Attention Deficit-Hyperactivity Disorder, ADHD, is often talked about using the three different types; Predominantly Inattentive, Predominantly Hyperactive-Impulsive or Combined Presentation. On some occasions, a student might be referred to as having ADD. Though this is not a common diagnosis anymore, it will be important for educators to know the difference between ADD and ADHD.
1. Attention Deficit-Hyperactivity Disorder
Knowing the different types of ADHD is an important start to understanding the challenges a child with ADHD endures throughout their days. A child that is diagnosed with predominantly inattentive ADHD might exhibit behaviors that look like they are uninterested. Daydreaming and a “spaced” out look can be a common symptom associated with this type of ADHD. On the other hand, predominantly hyperactive-impulsive type of ADHD is commonly associated with disruptive classroom or fidgeting behavior. A child might blurt out, talk in situations where it might not be appropriate or talk out of turn or unable to sit still. Finally, a child diagnosed with a combined type of ADHD will exhibit symptoms equally associated with both types.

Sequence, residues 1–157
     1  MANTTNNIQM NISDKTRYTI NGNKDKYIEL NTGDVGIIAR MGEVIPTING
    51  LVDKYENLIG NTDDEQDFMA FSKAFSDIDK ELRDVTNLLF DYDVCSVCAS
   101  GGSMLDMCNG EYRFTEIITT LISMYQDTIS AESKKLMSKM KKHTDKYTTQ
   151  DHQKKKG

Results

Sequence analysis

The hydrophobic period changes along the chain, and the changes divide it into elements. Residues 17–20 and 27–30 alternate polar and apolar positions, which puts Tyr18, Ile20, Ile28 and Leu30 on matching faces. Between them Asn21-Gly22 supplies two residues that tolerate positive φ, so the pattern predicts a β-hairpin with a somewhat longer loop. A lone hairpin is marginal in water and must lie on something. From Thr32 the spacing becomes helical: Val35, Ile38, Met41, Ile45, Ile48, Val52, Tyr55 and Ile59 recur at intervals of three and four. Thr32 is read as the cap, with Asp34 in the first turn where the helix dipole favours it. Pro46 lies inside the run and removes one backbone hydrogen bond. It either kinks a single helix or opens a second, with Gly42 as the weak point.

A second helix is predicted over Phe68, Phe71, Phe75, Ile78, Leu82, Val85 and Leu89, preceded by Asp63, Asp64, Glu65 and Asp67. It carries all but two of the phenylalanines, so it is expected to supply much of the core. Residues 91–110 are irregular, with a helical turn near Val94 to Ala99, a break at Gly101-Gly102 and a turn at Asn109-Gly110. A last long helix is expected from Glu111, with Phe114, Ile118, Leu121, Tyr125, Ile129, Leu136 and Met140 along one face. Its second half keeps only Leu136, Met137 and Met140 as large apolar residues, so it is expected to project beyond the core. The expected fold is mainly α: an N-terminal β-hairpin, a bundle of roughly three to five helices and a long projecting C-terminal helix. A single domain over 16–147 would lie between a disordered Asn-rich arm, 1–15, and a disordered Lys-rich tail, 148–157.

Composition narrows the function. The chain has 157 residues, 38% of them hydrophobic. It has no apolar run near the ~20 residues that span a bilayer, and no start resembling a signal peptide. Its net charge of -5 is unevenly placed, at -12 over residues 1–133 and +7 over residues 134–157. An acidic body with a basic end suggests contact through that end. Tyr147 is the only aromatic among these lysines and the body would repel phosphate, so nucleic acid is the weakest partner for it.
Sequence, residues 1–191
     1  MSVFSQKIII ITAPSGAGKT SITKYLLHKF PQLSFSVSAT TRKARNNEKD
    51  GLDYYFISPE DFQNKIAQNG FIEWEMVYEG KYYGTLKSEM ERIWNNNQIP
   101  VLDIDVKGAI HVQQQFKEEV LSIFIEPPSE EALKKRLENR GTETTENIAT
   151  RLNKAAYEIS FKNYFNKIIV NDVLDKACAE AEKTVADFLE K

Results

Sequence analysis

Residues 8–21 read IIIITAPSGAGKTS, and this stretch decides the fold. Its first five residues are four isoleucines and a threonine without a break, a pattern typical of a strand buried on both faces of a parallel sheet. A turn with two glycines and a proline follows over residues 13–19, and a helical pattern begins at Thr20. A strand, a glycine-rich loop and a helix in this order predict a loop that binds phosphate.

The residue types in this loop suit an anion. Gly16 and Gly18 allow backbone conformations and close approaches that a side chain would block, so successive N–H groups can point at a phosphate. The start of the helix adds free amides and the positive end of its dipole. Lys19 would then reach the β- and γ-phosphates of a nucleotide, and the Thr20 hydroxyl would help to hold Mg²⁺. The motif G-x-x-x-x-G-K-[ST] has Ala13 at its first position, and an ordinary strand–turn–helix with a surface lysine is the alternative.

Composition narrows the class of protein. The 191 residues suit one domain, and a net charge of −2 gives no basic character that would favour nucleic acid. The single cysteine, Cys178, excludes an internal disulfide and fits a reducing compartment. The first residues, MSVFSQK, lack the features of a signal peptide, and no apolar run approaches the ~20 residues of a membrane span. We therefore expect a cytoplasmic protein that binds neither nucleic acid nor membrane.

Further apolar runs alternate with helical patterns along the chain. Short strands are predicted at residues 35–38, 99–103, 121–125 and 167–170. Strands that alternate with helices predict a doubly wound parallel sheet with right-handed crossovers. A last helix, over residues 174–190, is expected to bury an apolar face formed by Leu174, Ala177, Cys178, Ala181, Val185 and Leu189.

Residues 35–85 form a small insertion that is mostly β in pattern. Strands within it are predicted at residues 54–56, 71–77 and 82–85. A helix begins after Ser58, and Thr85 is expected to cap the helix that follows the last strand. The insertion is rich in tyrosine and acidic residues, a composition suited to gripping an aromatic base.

2. Attention Deficit Disorder
If you hear that a child is diagnosed with Attention Deficit-Disorder (ADD) they will display symptoms related to Predominantly Inattentive Type ADHD. In a revised edition of the DSM, ADD diagnosis changed to ADHD. The three types of ADHD were then added to the DSM in 1994. As healthcare providers began to understand the disorder and that children could display multiple symptoms of ADHD (combined type), they put ADD under the ADHD umbrella of diagnosis’.
3. Supporting A Child With ADD or ADHD
When deciding the best route to support a child with ADD or ADHD, it is best to consult with a healthcare provider. Medications can be prescribed to help the child cope with their symptoms. Furthermore, communicating with the child’s teachers and school will allow the child to receive necessary support in the classroom that will allow them to receive an equitable education like their peers. Technology tools, such as Lightsail, are great for children with ADHD that struggle with reading. It can provide tools like a personalized reader that allows parents and children to personalize settings within the reader to best fit their individual needs. The personalized reader gives the child the opportunity to change display options that will allow them to focus on learning and relieve distractibility.
Posted on 9.Sep.21 in Struggling Readers